LETTERS: Stop blaming boats for pier damage

Editor:

Re: Bill always left to the taxpayers, Aug. 23 letters

Ole Nygaard still claims the boats tore loose from their moorings. The facts are, once again, that the west float broke up because the pilings holding the dock had received little or no maintenance (strengthening or replacing) and simply were no longer able to withstand the waves, which were of such height that the inadequate breakwater did nothing to hold them back.

The boats were still solidly attached to their mooring cleats but those cleats and their respective sections of the float, were no longer a complete float, but parts thereof, broken up by the pounding waves.

He suggests the bill for clean up and repair ought to rest with those responsible for a “lack of due diligence and reluctance to spend resources on proper mooring for the boats”.

The 30 boats moored at the west float provided annual moorage revenue to the city, in the order of mid-five figures. Of that sum, for the last several years at least, the amount actually spent on maintenance and repair of the float, was just about three per cent of those moorage revenues taken in by the city.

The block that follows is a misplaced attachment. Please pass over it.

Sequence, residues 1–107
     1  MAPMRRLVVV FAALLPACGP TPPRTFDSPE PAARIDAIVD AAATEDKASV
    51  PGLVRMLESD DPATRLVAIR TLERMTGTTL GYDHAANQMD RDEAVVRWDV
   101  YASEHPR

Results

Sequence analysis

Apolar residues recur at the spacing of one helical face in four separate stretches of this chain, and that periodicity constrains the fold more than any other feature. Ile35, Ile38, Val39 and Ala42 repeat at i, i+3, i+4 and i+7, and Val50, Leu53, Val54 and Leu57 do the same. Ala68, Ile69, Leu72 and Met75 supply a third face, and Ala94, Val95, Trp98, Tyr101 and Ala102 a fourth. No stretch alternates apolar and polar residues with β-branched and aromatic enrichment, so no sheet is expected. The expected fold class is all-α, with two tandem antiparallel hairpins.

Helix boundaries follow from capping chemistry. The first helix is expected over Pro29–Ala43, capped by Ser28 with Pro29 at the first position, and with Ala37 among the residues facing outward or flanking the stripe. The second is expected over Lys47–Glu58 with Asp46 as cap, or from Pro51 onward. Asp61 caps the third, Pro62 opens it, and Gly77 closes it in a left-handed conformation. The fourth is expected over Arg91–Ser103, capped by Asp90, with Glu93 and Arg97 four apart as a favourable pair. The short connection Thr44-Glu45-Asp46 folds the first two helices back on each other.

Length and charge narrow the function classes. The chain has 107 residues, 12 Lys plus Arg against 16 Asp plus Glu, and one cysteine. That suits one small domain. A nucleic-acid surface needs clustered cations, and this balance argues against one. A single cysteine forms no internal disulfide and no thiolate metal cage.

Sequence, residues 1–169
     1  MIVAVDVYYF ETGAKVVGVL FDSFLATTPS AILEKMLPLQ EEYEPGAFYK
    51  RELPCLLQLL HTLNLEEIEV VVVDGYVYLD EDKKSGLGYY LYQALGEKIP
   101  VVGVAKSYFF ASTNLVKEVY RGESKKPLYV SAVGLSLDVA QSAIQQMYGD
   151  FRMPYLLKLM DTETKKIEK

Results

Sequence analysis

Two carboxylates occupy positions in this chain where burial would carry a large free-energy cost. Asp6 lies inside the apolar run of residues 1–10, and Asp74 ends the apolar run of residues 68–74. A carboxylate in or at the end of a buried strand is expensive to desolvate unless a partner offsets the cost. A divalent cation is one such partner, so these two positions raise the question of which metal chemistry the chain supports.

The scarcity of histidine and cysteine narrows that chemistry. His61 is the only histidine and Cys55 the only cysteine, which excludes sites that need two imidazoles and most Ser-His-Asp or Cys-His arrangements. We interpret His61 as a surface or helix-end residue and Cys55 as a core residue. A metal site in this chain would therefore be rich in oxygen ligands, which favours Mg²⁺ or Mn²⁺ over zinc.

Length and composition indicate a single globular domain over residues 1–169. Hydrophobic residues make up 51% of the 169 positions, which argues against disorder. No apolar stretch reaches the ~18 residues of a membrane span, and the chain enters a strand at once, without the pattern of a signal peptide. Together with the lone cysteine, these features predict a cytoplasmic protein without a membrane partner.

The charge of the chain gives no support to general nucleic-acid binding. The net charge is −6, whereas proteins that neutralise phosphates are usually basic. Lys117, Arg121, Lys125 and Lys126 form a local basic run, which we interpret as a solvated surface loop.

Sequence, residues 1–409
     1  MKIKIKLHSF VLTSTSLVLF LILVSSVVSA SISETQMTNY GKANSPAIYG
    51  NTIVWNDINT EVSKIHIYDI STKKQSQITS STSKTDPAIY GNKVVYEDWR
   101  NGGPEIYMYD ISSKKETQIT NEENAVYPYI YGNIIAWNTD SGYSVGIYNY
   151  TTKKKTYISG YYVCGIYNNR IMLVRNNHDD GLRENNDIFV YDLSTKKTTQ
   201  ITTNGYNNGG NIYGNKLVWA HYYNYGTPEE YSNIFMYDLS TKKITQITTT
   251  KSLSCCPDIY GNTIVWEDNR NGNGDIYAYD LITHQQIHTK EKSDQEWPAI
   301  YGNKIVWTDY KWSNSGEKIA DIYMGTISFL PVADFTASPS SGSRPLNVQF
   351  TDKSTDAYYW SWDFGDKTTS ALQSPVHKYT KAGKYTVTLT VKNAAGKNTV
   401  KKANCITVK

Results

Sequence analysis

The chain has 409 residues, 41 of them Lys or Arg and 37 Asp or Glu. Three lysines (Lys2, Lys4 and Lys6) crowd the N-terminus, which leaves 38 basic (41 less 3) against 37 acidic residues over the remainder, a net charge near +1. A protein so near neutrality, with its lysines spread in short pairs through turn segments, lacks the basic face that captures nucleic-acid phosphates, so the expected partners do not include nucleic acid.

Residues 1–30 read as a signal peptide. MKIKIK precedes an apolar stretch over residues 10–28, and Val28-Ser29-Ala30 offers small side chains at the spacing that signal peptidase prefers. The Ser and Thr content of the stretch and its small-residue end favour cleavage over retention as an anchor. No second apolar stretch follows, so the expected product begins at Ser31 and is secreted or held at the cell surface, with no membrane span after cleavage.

Any marina owner up and down the coast will tell you that maintenance and repair of the dock takes considerably more than three per cent of what you take in from moorage fees.

It would seem therefore, that the responsibility is actually being carried by exactly the correct party, namely the city of White Rock.

Lower Mainland Yacht Co-operative

•••

It is sad that the erroneous myth that sail boat owner bear special responsibly for the damage to the pier is still being promulgated.

The mechanism of the failure seems clear. The city-owned float to which the boats were moored must be able to rise and fall with the tides. It is held in place by place by a number of piles located in openings to restrain its horizontal movement.

The outer portion of the float broke free from these moorings during the freak storm, swung 90 degrees carrying the boats and crushed them between the float and the pier.

The boat owners, like the city, were victims of the storm.

Yes, I am a former member of the Lower Mainland Yacht Coop. One of its founders the late Art Bates was lauded as being one of the principal proponents and organizers that saved and rebuilt the pier many years ago when it was scheduled for demolition by the federal government.

Hopefully, community based boating organizations such as Art espoused, that allow affordable boating activities to the general public, will soon be welcomed back to the pier.

At present, the bay seems a little sterile with hardly a sail in sight.

George Duddy, White Rock

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